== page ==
In his introduction Gelvin comments on the historical aspects of the events of September 11, 2001, then offers four sections, each of which includes a number of documents to support the section. "Part 1: The Advent of the Modern Age" contains chapters titled "From Late Antiquity to the Dawn of a New Age," "Gunpowder Empires," "The Middle East and the Modern World System," and "War, Diplomacy and the New Global Balance of Power." "Part II: The Question of Modernity" includes chapters titled "Defensive Developmentalism," "Imperialism;" and "Wasif Jawhariyyeh and the Great Nineteenth-Century Transformation," and the photo essays "The Great Transformation," "The Life of the Mind," "Secularism and Modernity," and "Constitutionalism." "Part III: World War I and the Middle East State System" consists of chapters titled "State-Building by Decree," "State-Building by Revolution and Conquest," "The Introduction and Spread of Nationalism," and "The Origins of the Israeli-Palestinian Dispute." The chapters of "Part IV: The Contemporary Era" are titled "State and Society in the Contemporary Middle East: An Old/New Relationship," "Oil," "The United States and the Middle East," "Israel, the Arab States, and the Palestinians," "The Iranian Revolution," and "Islamic Political Movements." These are followed by "Conclusion: The Middle East in the ‘Age of Globalization.’"
Kevin W. Martin noted in Teaching History: A Journal of Methods that because Gelvin is a professor of history, a scholar of the Middle East region, and a much-honored teacher, "he is more qualified than most to produce a textbook for undergraduate surveys of the subject." Martin further commented on Gelvin's style, structure, and content, which he felt to be more understandable than other texts on the subject that, because of their detail, tend to overwhelm and discourage students who lack a basic understanding of the topic. Gelvin uses a traditional geographic framework that includes Egypt, Iran, Turkey, and the Arabian Peninsula, and follows a traditional chronology. Martin noted, however, that Gelvin describes events with long-term and global contexts, which Martin felt is effective in reaching his stated objectives. Martin praised Gelvin's liberal use of maps, primary-source documents, photographs, and anecdotes and jokes that he felt humanize Gelvin's history. Martin described The Modern Middle East as "elegantly yet lucidly written, thus mercifully free of jargon and other linguistic ‘innovations’ that so frequently plague academic prose and bewilder students." Martin concluded by declaring The Modern Middle East "the best text currently available."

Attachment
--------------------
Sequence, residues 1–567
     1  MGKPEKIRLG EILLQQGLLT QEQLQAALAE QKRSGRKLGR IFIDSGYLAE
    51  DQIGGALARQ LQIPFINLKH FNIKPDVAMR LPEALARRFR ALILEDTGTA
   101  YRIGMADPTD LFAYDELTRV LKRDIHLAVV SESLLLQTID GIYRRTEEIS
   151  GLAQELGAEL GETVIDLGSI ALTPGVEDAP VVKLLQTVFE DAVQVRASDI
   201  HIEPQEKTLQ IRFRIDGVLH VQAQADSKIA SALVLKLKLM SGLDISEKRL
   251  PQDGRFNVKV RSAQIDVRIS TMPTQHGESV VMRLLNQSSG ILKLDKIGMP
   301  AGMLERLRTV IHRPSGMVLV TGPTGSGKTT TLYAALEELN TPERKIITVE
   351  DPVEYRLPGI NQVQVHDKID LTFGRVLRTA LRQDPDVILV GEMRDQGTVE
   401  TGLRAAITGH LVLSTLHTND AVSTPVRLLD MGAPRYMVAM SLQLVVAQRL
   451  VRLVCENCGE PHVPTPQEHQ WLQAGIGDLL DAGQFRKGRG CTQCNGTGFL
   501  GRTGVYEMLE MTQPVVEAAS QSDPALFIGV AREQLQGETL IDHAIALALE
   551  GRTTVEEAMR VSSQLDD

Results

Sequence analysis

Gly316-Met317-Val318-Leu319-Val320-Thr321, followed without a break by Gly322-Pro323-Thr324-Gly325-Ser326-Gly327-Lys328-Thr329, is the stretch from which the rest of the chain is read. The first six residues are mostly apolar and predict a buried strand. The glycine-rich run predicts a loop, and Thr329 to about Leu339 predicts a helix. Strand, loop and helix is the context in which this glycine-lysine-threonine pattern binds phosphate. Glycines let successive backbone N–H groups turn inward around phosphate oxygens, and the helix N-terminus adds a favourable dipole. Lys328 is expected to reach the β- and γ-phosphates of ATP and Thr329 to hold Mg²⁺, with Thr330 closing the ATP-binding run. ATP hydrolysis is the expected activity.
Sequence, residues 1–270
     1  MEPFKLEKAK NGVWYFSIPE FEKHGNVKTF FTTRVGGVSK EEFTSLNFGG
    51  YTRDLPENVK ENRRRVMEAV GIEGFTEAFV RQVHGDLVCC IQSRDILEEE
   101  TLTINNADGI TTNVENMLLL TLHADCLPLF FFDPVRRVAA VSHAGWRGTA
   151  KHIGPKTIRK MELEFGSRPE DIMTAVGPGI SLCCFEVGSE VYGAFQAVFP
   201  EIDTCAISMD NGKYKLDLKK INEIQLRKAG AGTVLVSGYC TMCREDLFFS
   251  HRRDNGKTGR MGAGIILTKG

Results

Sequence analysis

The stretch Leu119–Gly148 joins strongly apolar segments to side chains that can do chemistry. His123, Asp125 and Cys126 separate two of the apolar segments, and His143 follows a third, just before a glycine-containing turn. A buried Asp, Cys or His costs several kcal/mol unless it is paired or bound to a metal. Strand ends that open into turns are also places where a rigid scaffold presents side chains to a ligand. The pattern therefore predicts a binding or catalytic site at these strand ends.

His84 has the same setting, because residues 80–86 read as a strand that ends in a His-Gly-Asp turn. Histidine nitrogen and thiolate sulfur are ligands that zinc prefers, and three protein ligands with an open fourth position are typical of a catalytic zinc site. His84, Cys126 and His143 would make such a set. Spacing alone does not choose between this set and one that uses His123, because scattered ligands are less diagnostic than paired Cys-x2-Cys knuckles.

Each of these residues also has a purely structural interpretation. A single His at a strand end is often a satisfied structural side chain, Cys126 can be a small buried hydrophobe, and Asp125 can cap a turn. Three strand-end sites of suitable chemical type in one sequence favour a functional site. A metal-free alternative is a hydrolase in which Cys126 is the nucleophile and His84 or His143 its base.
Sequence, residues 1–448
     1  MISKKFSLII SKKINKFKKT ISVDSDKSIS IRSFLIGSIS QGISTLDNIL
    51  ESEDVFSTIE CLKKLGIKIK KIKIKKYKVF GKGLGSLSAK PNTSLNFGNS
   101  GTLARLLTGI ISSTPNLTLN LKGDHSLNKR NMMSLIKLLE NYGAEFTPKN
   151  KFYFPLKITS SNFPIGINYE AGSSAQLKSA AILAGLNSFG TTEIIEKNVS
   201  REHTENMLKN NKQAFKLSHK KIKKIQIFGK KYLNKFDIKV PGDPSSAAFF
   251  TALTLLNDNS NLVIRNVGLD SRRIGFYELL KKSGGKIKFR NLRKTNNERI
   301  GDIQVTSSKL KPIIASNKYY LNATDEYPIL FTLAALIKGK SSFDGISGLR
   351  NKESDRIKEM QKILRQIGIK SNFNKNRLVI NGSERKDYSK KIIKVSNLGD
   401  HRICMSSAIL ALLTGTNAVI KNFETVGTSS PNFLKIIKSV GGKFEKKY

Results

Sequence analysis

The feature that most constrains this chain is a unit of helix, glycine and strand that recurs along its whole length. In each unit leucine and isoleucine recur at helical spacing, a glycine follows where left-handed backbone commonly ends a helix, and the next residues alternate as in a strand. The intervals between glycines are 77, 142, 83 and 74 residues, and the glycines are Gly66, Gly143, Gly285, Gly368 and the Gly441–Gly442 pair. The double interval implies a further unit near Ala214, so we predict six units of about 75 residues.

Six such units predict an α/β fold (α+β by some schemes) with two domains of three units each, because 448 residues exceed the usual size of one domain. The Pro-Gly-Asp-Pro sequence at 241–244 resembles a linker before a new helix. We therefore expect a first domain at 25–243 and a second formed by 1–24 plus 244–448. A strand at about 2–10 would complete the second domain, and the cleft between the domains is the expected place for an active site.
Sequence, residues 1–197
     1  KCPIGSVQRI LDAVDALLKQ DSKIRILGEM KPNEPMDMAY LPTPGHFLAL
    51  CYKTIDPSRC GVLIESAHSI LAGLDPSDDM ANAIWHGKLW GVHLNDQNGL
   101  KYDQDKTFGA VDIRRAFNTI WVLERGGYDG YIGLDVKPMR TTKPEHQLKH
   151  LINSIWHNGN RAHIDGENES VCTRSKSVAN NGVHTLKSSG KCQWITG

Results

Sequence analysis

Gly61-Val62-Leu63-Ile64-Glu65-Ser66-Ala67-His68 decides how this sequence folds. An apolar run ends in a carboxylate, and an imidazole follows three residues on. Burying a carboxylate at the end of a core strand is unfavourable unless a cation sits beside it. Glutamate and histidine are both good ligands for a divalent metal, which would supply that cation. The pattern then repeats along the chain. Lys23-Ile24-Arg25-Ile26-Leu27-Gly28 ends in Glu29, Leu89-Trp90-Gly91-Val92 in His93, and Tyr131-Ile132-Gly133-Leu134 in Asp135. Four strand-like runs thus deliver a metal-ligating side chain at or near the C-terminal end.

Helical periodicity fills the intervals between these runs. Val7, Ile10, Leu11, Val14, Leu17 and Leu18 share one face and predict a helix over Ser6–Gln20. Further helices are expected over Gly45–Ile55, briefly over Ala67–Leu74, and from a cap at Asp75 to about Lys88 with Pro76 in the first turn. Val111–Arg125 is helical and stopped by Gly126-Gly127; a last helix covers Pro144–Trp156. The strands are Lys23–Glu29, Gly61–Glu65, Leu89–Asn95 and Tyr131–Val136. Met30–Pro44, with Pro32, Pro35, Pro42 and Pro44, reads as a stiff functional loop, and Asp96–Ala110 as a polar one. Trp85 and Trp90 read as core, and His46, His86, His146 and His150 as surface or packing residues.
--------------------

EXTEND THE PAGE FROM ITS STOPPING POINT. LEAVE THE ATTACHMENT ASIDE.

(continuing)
BIOGRAPHICAL AND CRITICAL SOURCES:
American Historical Review, April, 2000, review of Divided Loyalties: Nationalism and Mass Politics in Syria at the Close of Empire, p. 651.
Choice, May, 1999, C.E. Farah, review of Divided Loyalties, p. 1674; June, 2006, B. Harris, review of The Israel-Palestine Conflict: One Hundred Years of War, p. 1886.
English Historical Review, June, 2007, Ritchie Ovendale, review of The Israel-Palestine Conflict, p. 853.
Foreign Affairs, May 1, 2006, L. Carl Brown, review of The Israel-Palestine Conflict, p. 169.
Historian, winter, 2006, David Commins, review of The Modern Middle East: A History, p. 819.
History: Review of New Books, spring, 2005, Cathlyn Mariscotti, review of The Modern Middle East, p. 117.
International Journal of Middle East Studies, February, 2001, Lisa Wedeen, review of Divided Loyalties, p. 146.
Journal of Interdisciplinary History, summer, 2000, Hasan Kayali, review of Divided Loyalties, p. 149.
Journal of Third World Studies, fall, 2004, review of Divided Loyalties, p. 245.
Middle East Journal, spring, 2006, Neil Caplan, review of The Israel-Palestine Conflict p. 371.
Reference & Research Book News, November, 2006, review of The Israel-Palestine Conflict.
Teaching History: A Journal of Methods, spring, 2007, Kevin W. Martin, review of The Modern Middle East, p. 55.
H-Net: Humanities and Social Sciences Online,http://www.h-net.org/ (March 26, 2008), Joel Beinin, review of The Israel-Palestine Conflict.
UCLA Department of History Web site,http://www.history.ucla.edu/ (March 26, 2008), faculty profile.